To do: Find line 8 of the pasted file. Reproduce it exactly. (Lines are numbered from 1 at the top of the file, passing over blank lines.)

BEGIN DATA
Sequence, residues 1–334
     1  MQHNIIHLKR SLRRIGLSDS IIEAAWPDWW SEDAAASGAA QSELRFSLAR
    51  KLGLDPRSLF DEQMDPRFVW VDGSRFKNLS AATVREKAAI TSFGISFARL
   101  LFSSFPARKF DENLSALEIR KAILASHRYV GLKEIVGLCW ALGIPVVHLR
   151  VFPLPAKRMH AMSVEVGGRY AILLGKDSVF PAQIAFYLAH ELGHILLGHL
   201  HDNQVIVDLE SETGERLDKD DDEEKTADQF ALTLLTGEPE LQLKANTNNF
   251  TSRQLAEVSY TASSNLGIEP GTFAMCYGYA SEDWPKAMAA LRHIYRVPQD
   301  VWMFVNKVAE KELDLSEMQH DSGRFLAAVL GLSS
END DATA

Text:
   301  VWMFVNKVAE KELDLSEMQH DSGRFLAAVL GLSS